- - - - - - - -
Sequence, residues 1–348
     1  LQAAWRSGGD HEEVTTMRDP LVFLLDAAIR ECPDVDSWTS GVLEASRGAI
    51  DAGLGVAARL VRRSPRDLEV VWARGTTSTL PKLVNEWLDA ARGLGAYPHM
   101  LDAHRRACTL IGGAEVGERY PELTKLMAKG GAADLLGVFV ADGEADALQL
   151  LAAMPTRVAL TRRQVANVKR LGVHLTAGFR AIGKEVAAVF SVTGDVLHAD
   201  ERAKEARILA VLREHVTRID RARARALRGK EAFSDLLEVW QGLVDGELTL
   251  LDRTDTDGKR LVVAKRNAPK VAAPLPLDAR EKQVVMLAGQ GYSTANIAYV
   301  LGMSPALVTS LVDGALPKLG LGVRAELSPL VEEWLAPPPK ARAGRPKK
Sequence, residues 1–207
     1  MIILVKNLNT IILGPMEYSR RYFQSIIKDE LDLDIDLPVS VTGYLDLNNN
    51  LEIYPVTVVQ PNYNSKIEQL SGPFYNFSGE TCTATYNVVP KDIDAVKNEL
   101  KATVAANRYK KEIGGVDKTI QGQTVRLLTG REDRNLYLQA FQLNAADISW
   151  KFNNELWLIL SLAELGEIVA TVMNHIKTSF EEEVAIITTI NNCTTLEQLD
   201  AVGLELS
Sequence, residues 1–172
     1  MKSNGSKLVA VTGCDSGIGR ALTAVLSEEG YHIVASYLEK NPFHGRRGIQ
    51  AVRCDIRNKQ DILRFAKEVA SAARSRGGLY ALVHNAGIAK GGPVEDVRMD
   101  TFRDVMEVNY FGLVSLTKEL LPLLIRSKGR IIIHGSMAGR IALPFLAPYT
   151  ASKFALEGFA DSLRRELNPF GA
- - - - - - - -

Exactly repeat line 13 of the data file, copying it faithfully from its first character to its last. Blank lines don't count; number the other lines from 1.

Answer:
   151  KFNNELWLIL SLAELGEIVA TVMNHIKTSF EEEVAIITTI NNCTTLEQLD